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Keeping It Simple

Opening soon, Fred 62--A Diner will offer a basic yet eclectic menu around the clock.

May 15, 1997|MARGARET SHERIDAN | TIMES STAFF WRITER

What a Hoot: Night owls craving noodles or French toast with the kind of maple syrup that comes from a tree will have another choice on May 29 when Fred 62--A Diner, opens. The philosophy behind restaurateur Fred Eric's latest venture is summed up on the diner's answering machine: "Eat now, dine later."

"Just simple food" is how Eric, of Vida, describes the menu. The name refers to his birth year.

Burgers, meat loaf and five types of Asian noodles (Japanese, Chinese, Korean, Thai and Vietnamese) are included. His takeoff on wraps is tubes, sandwiches on such breads as challah, whole wheat or pumpernickel dreamed up by Eric and baker Sumi Chang, of Europane in Pasadena. One filling mates a goat's milk Camembert with pickled onion and arugula. More bites include 62 Club (smoked turkey or salmon) and a crisp veggie patty burger.

Breakfast features a tofu scramble, two kinds of French toast (fluffy with a custardy center or crisp-fried and coated with a cornflake crust) and pancakes (sour cream and buttermilk). Real maple syrup arrives in stainless steel clones of squeezable teddy bears.

* Fred 62--A Diner, 1854 N. Vermont Ave., Los Angeles. (213) 667-0062. Open 24 hours. Opening is scheduled for May 29.

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Sound Bites: Dueling banjos, move over. How about Ferrari-red pianos. At Duet, a 2-week-old bar-restaurant in Westwood (formerly Yesterday's), a pair of keyboards compete against each other Wednesday through Friday evening. The venture of actor Larry Manetti and partners Jayson Cohen (formerly owner of a Hollywood watering hole, Columbia Bar & Grill) and Chris Mallick, Duet features a standard California menu with lots of pasta, chicken and fish. Entertainment is the drawing card, and the good news is no cover charge. On Sundays there's a 14-piece swing orchestra; Monday, funk rock; Tuesday, reggae.

* Duet, 1056 Westwood Blvd., Los Angeles. 11:30 a.m. to 1:45 a.m. (310) 208-5381.

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New Twist: Why fiddle with a good thing? Marino Ristorante on Melrose Avenue in Hollywood is sending its classic tiramisu on sabbatical for the summer and offering a new low-fat version made with "lite" mascarpone and fat-free cream cheese. The classic will return in the fall. . . . To celebrate the first anniversary of Cha Cha Chicken, owner Toribio Prado has added more seats on the patio of his funky Ocean Avenue restaurant in Santa Monica.

The maze of palm trees, oil drums in fiesta colors and hanging baskets of wildflowers are enough to cause pedestrian traffic jams. Cool down with fresh lemonade stirred with sticks of sugar cane. New menu items include a veggie plate of fried plantains, baked sweet potatoes brushed with rum-based marinade, goat stew and jerked corn-on-the-cob. The Ricki wrap, a pita stuffed with grilled, spiced chicken, is named after his son. Corn bread slathered with Nutella has become the favorite sweet requested by performers from Cirque du Soleil, currently appearing at nearby Santa Monica Pier. . . . Now in the competition for patio dining is Crustacean on Little Santa Monica Boulevard in Beverly Hills. For grazers there's a new bar menu with Euro-Asian tapas and signature drinks made with flavored vodkas (anyone for lemon grass vodka?), plum and rice wines. . . .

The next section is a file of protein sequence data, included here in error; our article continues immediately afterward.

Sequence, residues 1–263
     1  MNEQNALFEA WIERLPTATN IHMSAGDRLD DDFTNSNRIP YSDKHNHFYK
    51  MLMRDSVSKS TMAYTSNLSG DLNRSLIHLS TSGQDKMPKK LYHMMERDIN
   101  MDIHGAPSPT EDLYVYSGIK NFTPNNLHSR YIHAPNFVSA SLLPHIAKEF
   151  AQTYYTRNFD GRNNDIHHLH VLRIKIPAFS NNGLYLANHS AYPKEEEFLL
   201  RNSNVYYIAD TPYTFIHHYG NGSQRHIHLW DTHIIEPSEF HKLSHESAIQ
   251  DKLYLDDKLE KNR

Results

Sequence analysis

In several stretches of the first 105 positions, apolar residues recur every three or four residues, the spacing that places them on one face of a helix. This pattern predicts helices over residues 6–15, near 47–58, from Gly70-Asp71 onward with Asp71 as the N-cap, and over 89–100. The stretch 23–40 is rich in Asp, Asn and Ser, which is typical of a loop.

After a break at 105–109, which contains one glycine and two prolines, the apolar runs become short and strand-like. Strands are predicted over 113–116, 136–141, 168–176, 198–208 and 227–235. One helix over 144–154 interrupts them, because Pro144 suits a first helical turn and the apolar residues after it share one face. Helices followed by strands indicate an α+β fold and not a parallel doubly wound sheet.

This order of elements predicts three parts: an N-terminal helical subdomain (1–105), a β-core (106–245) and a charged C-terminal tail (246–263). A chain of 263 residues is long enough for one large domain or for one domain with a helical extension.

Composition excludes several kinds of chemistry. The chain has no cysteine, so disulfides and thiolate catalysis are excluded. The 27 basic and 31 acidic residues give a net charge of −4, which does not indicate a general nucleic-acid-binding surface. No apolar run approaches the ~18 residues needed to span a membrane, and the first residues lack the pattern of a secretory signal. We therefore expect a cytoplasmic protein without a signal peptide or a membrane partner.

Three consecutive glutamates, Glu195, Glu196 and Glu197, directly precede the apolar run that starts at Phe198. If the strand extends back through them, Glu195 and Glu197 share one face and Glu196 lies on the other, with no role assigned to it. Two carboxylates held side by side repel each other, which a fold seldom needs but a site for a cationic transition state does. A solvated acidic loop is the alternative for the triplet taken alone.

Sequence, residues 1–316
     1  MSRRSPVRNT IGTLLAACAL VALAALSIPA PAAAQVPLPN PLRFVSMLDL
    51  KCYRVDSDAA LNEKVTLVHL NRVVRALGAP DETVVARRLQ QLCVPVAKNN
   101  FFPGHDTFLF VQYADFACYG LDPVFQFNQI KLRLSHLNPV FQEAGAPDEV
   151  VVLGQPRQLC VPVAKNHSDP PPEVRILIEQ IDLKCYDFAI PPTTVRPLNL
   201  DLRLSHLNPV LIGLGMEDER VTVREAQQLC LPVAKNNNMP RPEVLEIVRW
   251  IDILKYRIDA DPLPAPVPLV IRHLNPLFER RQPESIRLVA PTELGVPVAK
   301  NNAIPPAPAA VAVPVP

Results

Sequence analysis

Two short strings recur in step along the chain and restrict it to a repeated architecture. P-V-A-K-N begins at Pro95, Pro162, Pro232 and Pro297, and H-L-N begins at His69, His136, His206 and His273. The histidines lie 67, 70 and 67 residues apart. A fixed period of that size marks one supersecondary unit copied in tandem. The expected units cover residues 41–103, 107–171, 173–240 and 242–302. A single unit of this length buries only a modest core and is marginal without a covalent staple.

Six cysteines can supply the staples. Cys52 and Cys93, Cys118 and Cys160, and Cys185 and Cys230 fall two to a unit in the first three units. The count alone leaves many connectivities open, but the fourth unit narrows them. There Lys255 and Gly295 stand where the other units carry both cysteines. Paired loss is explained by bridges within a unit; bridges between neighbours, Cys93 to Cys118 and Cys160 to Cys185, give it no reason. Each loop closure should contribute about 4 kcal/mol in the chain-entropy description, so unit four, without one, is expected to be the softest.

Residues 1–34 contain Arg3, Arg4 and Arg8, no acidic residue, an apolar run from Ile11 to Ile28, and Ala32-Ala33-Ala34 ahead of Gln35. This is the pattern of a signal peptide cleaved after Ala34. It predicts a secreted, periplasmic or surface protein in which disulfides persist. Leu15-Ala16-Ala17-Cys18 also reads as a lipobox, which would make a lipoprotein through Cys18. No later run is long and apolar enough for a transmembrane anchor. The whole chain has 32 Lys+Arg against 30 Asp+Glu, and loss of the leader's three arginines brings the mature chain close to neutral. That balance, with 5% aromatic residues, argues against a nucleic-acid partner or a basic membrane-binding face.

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Partings: Michael Roberts left Twin Palms in April. Roberts, former owner of Trumps in West Hollywood, developed the restaurant in 1994 and remained there as corporate chef. He's leaving to pursue other ventures and complete his fourth cookbook. Chef Tony Zidar, who's been with Twin Palms for one year, will oversee both kitchens.

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Colonial Period: Eating outdoors on the balcony of Le Colonial in West Hollywood is a far cry from steamy Hanoi, where the high-pitched scream of motorbikes often makes conversation impossible. But one of Hanoi's culinary attractions for many foodies is an utterly simple stir-fry entree, called cha ca. It has just been introduced at Le Colonial by chef Gary Bao.

In Hanoi, the best rendition, according to locals, is found in a ramshackle restaurant named after the food, in a clogged alley of the same name. Crowds standing in the doorway and lining the stair well to this second floor restaurant make is a snap to locate.

Cha ca, Hanoi-style, is a participation dish that requires a mini- wok, a brazier and plates of goodies--fresh cilantro, dill, green onions, rice noodles and peanuts.

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Such a Deal: Wanna put on the Ritz? Haul out the checkbook, round up 12 friends and read on. The Ultimate Dinner Party package at the Ritz-Carlton, Laguna Niguel, is yours for $48,000.

The party includes a Veuve Clicquot 1988 La Grand Dame reception with beluga caviar, a five-course Cha^teau Lafite Rothschild wine- and food-pairing dinner in the Wine Room, a tasting of three first-growth '89 Bordeaux and celebrated Cabernets, six ocean-front suites for two-night stays, limousine service and six sets of Riedel crystal wine glasses. (714) 240-5008.

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